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October 29, 1990 - Image 2

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Publication:
The Michigan Daily, 1990-10-29

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Page 2 -The Michigan Daily - Monday, October 29, 1990

Truman Foundation

modifie
by Meera Gummaraju

tion a
two ye

scholarship
nd up to $12,000 per year for tween December 1992 and August
ears of graduate study. 1993.

The application deadline for the
1991 Truman Scholarship has been
extended to Nov. 5, and juniors may
now apply for one of the 82 scholar-
ships to be awarded this year.
The Harry S. Truman Scholar-
ship Foundation - instituted by
Congress in 1975 as the official fed-
eral memorial to honor the 33rd
president - recognizes Truman's
"contributions to the nation, com-
mitments to public service, leader-
ship, and interest in education."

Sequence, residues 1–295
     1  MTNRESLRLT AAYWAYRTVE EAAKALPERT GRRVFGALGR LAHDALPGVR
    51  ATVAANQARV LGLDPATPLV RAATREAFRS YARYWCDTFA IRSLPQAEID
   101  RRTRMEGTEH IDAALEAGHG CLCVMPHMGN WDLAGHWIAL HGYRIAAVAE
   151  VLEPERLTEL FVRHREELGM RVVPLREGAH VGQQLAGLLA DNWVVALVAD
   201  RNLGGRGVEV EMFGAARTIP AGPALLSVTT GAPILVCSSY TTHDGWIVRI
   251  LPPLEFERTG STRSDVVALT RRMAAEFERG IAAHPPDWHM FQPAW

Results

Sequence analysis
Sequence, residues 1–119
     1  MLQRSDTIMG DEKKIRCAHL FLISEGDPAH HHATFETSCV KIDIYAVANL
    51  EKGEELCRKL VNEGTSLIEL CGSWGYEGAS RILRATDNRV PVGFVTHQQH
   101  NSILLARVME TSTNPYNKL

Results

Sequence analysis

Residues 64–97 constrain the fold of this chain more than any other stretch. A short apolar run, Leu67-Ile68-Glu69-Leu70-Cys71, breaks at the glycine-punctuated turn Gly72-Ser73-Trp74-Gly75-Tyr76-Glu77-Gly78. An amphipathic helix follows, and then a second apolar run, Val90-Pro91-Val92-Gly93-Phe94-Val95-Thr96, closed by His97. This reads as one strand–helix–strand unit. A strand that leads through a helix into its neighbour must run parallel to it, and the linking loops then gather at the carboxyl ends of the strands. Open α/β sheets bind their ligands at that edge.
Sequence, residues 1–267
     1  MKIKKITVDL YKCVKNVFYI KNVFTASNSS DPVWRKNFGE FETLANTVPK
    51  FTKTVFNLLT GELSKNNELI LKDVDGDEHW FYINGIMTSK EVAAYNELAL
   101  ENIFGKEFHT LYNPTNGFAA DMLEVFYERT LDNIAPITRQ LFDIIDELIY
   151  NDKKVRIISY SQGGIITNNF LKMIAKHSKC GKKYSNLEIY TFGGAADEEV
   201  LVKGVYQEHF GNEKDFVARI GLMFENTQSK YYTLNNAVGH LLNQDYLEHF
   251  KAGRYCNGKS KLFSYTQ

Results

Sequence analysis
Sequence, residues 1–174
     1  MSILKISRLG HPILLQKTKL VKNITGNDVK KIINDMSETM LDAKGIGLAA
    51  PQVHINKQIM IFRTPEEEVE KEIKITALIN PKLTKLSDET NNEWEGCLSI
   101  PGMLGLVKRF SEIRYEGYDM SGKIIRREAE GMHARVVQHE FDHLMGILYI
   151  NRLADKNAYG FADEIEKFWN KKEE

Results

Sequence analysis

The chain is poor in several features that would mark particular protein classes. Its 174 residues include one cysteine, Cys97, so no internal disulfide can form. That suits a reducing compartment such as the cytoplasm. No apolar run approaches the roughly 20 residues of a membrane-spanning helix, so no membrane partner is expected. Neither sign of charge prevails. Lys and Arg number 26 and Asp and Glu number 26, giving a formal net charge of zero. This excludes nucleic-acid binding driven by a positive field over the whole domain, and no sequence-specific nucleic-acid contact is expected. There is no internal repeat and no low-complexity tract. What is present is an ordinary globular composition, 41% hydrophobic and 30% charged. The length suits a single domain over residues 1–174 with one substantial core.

In addition to extending the app-
lication deadline, the foundation has
raised the maximum award from
$28,000 to $30,000.
Truman scholarships pay for stu-
dents' tuition, room and board during
their last two years of undergraduate
study and first two years of graduate
work.
Sophomore Scholars receive
$3,000 per year for the junior and
senior years of undergraduate educa-

Applicants for the Truman schol-
arship must be sophomores at a two-.
year accredited college or juniors at a
four-year accredited institution.
In addition to
extending the
application deadline,
the foundation has
raised the maximum
award from $28,000
to $30,000.

A junior is a student who plans
one more year of full-time under-
graduate study and who expects to
receive an undergraduate degree be-
tween December 1991 and August
1992.
Applicants must also rank in the
upper third of their class, be a United
States citizen or national, and be
committed to a career in public ser-
vice.
Scholars in graduate programs
planning to receive degrees in one to
two years are eligible to receive up
to $13,500 per year.
Scholars in graduate programs for
three or more years of academic
study are eligible to receive up to
$9,000 per year for a maximum of
three years.
Fourteen of the nearly 500 Tru-
man Scholarship awards given since